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Again, congratulations on being accepted into the program! I’ve been corresponding with a few admitted students over the past week, and I thought I would take a moment to answer another FAQ.
What do you plan do after you graduate? or What will you do with your degree?
This is kind of an eye-twitch-cuing question for a third-year MFA candidate who just turned in her thesis manuscript. By eye-twitch, I mean, when I am asked the question, the stress kicks in and travels straight to my eye. If you’ve read my blog posts before, you are familiar with this term. If not, welcome to the land of eye-twitch!
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It is exciting to be graduating, and I’m looking forward to being done with school. (For now? Will I pursue that PhD?) I’ve been in school for 25 years now, pretty much the entire time, so I’m ready to be just working.
I am currently updating my CV, revising my Teaching Philosophy, and searching the MLA and AWP job boards, as well as the local university job boards. This semester, the College provided graduating Nonfiction and Poetry MFA students with access to the AWP job board for free, so that we can begin searching for jobs while we are still in the program. This is definitely a program perk, if you are someone who wants to continue teaching after you graduate.
I have applied to a few jobs in the area, without much success, but I’m trying not to let that break my spirits too much. I’m also applying for administrative jobs at local community colleges and universities and not just limiting myself to applying for teaching jobs. In order to land a tenure track, lecturer, or assistant professor position, you have to be an active member of the community in which you wish to teach. For Nonfiction and for Composition and Rhetoric, that means publishing books and presenting at conferences. If I can give one piece of advice to those who will be starting this program in the fall, take advantage of being active in the community. If you have an interest in submitting a paper for a conference—do it! Building up your CV while you’re in the program is far better than waiting until after you’ve got the degree. I’m using these last few months to do just that. Submit, submit, submit and be on the look out for conferences and opportunities to get more professionally involved.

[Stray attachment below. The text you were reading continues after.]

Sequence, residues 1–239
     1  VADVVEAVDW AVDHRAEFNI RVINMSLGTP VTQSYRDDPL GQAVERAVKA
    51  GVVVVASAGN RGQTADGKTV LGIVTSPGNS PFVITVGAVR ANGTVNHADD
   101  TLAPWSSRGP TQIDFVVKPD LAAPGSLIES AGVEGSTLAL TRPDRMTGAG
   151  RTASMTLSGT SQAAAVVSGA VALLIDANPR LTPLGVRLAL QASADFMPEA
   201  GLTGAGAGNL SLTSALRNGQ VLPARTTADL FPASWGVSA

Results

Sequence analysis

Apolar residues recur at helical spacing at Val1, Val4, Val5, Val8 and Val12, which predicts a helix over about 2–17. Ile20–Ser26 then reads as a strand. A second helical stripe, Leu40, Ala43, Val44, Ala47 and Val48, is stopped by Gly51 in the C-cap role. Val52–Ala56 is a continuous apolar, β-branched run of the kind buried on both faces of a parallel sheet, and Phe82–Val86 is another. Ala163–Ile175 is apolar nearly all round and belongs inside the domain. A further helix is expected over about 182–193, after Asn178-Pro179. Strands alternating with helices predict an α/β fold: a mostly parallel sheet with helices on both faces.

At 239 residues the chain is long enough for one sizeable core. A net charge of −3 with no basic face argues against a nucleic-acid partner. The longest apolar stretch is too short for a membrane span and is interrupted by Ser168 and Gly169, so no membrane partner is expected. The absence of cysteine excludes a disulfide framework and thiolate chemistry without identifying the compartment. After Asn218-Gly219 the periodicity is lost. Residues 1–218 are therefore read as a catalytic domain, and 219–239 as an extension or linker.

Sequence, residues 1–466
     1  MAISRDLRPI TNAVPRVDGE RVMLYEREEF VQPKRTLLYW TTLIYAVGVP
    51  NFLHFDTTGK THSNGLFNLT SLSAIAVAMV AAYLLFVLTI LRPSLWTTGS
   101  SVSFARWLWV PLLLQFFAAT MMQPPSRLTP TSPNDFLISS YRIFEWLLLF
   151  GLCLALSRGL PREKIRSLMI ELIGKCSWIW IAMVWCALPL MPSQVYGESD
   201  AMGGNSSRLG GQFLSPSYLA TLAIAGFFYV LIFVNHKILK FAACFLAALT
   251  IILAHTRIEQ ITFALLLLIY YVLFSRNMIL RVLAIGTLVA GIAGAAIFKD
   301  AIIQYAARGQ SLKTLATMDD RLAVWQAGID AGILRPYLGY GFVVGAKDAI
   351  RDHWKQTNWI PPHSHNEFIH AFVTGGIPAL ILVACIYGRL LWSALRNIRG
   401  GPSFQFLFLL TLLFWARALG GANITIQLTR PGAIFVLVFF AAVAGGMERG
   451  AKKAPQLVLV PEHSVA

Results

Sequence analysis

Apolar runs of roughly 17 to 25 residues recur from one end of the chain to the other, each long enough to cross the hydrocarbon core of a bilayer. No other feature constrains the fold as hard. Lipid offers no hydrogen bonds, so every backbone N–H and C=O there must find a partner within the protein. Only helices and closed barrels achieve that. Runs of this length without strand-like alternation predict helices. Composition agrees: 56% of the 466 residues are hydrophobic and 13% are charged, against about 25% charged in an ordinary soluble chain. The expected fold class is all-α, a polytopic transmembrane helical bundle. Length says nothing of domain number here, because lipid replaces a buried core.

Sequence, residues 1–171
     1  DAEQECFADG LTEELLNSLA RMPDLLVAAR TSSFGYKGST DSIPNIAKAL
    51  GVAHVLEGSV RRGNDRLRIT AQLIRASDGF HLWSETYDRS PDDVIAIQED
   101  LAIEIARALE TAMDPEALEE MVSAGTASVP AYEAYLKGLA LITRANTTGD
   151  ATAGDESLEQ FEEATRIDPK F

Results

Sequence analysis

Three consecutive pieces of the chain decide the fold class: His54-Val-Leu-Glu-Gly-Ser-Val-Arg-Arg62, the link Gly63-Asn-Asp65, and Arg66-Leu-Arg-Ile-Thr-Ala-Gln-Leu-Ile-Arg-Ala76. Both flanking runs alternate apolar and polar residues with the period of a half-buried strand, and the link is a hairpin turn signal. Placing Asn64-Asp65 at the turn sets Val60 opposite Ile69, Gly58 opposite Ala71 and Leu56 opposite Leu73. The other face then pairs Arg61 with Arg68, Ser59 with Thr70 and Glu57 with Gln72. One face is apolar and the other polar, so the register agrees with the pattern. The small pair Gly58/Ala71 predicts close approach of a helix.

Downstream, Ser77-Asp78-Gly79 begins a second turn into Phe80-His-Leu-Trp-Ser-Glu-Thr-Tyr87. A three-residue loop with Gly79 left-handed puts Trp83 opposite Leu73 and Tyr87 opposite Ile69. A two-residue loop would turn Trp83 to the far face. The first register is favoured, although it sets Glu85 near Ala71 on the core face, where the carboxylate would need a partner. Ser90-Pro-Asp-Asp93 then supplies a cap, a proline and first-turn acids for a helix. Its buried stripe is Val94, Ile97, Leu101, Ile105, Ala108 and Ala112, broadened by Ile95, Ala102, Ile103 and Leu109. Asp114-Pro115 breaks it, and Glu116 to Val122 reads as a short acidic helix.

My goal for this next year is to obtain a full-time job, either teaching or working in an administrative capacity at a university (a job that blends both would be ideal), and to be able to continue to work on my manuscript.
Job searches are never easy, and I think it would be a little silly to think that I will land my dream job right after graduation. However, I do feel that Columbia’s Nonfiction MFA program has given me the skills and the experience that I will need in order to continue my job search and to eventually land a job in my chosen field.
I will continue to answer your FAQs via email and on the blog right up until the April deadline to accept or decline Columbia’s offer. So, if you have more questions, keep ’em coming!
[flickr id=”8596037203″ thumbnail=”medium” overlay=”false” size=”original” group=”” align=”center”] Again, congratulations on being accepted into the program! I’ve been corresponding with a few admitted students over the past week, and I thought …